Oscar sheen (a distant relative of Charlie) appeared to dim rapidly for all save The King’s Speech. Though it’s hardly a new phenomenon, the shorter award season (and threat of an even shorter one in the near future) is likely to create the employ of new strategies to exploit films reliant on statuettes and the like this year.

Weekend (estimates) March 4 – 6, 2011
Title Distributor Gross (average) % change Theaters Cume
Rango Par 37.8 (9,660) NEW 3917 37.8
The Adjustment Bureau Uni 20.9 (7,350) NEW 2840 20.9
Beastly CBS 9.7 (4,980) NEW 1952 9.7
Hall Pass WB 8.8 (2,990) -35% 2950 26.8
Gnomeo and Juliet BV/eOne 7.0 (2,350) -48% 2984 83.8
The King’s Speech TWC 6.5 (2,890) -12% 2240 123.8
Just Go With It Sony 6.4 (2,200) -39% 2920 88.1
Unknown WB 6.4 (2,210) -49% 2913 52.9
I Am Number 4 BV 5.7 (1,970) -48% 2903 46.5
Justin Bieber: Never Say Never Par 4.2 (1,880) -55% 2254 68.8
Take Me Home Tonight Relativity 3.4 (1,710) NEW 2003 3.4
Big Mommas: Like Father, Like Son Fox 3.2 (1,950) -58% 1642 33.2
Drive Angry Summit 2.1 (930) -59% 2290 9
The Fighter Par/Alliance 1.1 (1,840) -33% 575 92
Black Swan FxSrch 1.0 (1,440) -26% 681 105.1
True Grit Par .94 (1,300) -52% 725 168.6
Cedar Rapids FxSrch .77 (3,280) 16% 235 3.3
Tangled BV .74 (1,760) 76% 421 195.7
The Roommate Sony .59 (970) -70% 606 36.8
The Grace Card IDP .51 (1,450) -50% 352 1.7
Barney’s Version eOne/SPC .40 (1,900) -27% 211 5.7
No Strings Attached Par .36 (850) -75% 425 69.6
Weekend Total ($500,000+ Films) $127.75
% Change (Last Year) -33%
% Change (Last Week) 24%
Also debuting/expanding
Of Gods and Men SPC .26 (7,420) -16% 42 0.73
The Illusionist SPC 77,500 (1,020) -48% 76 1.9
HappyThankYouMorePlease Anchor Bay 29,700 (14,850) 2 0.03
Uncle Bonmee Strand 25,400 (6,350) 4 0.03
Bereavement Paradigm 22,300 (1,120) 20 0.02
Detective K CJ Ent 13,500 (13,500) 1 0.01
I Saw the Devil Magnolia 12,100 (6,050) 2 0.01
The Year Dolly Parton Was My Mom Mongrel 9,400 (1,880) 5 0.01
The Human Resources Manager FilmMove 8,300 (2,770) 3 0.01
Domestic Market Share (Jan. 1 – March 3, 2011)
Distributor (releases) Gross Market Share
Paramount (8) 283.2 19.60%
Sony (9) 267.7 18.50%
Buena Vista (5) 198.7 13.70%
Warner Bros. (12) 157.7 10.90%
Universal (5) 135.8 9.40%
Weinstein Co. (3) 112.8 7.80%
Fox (5) 78.8 5.50%
Fox Searchlight (3) 73.6 5.10%
CBS (2) 29.3 2.00%
Relativity (2) 24.8 1.70%
Focus (2) 20.3 1.40%
eOne/Seville (7) 10.9 0.80%
Sony Classics (5) 8.7 0.60%
Summit (3) 8.5 0.60%
Other * (68) 35.2 2.40%
* none greater than 0.4%
Top Domestic Grossers (Jan. 1 – March 3, 2011)
Title Distributor Gross*
The King’s Speech * TWC 99,641,843
True Grit * Par 97,285,477
The Green Hornet Sony 96,820,070
Just Go With It Sony 81,700,070
Gnomeo and Juliet BV/eOne 76,782,010
No Strings Attached Par 69,289,473
Justin Bieber: Never Say Never Par 64,551,441
Little Fockers * Uni 63,484,205
Black Swan * FxSrch 63,240,197
Tron: Legacy * BV 53,579,845
The Fighter * Par/Alliance 51,877,355
The Dilemma Uni 48,475,290
Unknown WB 46,509,264
I Am Number 4 BV 40,738,416
Yogi Bear * WB 40,506,801
The Roommate Sony 36,260,283
Tangled * BV 33,709,950
The Rite WB 32,464,547
Big Mommas: Like Father, Like Son Fox 29,969,678
The Mechanic CBS 28,812,145
* does not include 2010 box office

The Brothers Behind The Fighter

Thursday, February 24th, 2011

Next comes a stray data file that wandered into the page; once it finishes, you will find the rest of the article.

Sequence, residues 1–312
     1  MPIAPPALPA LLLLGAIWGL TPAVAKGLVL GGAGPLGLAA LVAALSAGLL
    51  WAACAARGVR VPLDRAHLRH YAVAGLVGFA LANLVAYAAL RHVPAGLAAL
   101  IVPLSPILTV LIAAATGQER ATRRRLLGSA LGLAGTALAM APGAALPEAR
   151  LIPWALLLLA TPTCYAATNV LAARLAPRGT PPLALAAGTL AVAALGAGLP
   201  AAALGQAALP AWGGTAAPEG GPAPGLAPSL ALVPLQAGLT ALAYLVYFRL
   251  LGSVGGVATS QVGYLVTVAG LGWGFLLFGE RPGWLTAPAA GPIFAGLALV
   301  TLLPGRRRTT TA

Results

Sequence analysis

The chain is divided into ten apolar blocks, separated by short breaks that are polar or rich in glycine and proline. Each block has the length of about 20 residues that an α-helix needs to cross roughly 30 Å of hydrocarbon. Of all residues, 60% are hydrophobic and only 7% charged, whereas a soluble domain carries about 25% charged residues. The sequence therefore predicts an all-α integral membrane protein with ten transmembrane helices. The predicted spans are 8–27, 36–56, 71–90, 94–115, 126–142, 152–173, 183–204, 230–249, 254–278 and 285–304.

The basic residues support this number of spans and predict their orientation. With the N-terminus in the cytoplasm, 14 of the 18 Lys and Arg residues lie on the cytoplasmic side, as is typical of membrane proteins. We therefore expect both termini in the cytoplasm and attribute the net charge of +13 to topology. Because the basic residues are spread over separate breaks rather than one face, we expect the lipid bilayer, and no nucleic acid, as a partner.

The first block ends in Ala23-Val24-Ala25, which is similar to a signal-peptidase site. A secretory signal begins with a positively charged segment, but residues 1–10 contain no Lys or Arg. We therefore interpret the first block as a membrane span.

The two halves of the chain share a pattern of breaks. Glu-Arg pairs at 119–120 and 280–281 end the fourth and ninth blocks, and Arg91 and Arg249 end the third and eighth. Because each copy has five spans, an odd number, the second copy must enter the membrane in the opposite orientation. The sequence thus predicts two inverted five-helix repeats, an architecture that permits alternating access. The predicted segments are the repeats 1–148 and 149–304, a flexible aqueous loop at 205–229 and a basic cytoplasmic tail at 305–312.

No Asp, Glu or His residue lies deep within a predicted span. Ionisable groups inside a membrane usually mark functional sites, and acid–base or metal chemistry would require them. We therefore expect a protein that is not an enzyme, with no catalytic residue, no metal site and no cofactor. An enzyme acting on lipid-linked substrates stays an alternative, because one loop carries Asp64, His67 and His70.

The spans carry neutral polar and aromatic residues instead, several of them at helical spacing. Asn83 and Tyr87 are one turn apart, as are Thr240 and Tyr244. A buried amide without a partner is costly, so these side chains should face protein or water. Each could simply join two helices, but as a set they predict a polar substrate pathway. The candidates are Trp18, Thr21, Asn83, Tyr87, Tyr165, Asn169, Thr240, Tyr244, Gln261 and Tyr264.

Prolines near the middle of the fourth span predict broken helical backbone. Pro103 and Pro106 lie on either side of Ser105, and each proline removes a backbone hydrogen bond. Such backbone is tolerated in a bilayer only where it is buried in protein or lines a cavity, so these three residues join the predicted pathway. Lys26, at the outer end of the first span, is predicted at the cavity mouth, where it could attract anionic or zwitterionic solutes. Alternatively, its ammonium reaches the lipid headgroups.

The Brothers Behind The Fighter

The Weekend Report — February 20

Sunday, February 20th, 2011

I Am Number?

There was little to salute as the weekend portion of the President’s holiday frame saw movie going once again register box office and admission declines. A trio of new films opened to modest response including the action-thriller Unknown, which led the field (though it could slip to second for the four-day period) with an estimated $21.9 million. Also new were the teen-oriented chiller I Am Number 4 , with $19.4 million to slot third, and the comedy sequel Big Mommas: Like Father, Like Son in position five with $16.4 million.

There were also a tsunami of niche and exclusive bows including new Hindi and Telegu movies from India. But neither 7 Khoon Maaf nor Katha Screenplay Darsakakatvam provided more than a ripple of interest. Best of the limited releases was the non-fiction The Last Lions with $49,400 at four venues and Spanish Oscar submission Even the Rain, which grossed $52,600 from eight screens. And the fistful of exclusive bows was largely non-vigorous, though the doc I Am generated an encouraging $10,100 in its solo flight.

The absence of an 11th hour Oscar surge didn’t help the situation, though two contenders — The King’s Speech and Black Swan — managed to pass the $100 million threshold. Still, the failure of most late calendar releases to find Academy favor and the wave of new releases pushing out front-runners trends toward a serious re-thinking in theatrical exploitation for award season movies.

The four-day weekend should generate roughly $175 million and that translates into a 28% drop from President’s weekend 2010. It’s a more modest 4% erosion from the prior weekend. A year ago the trio of freshmen comprised of Valentine’s Day, Percy Jackson and The Wolfman debuted to respective grosses of $63.1 million, $38.7 million and $35.6 million.

Unknown skewed dramatically older with exits indicating 89% of its ticket buyers older than 25-years old. Surprisingly, I Am Number 4 also went slightly older with 53% plus 25s and Big Mommas had a 50/50 split. Also unexpected was Number 4’s 57/43 split that favored men and only 26% of its audience identified as teens.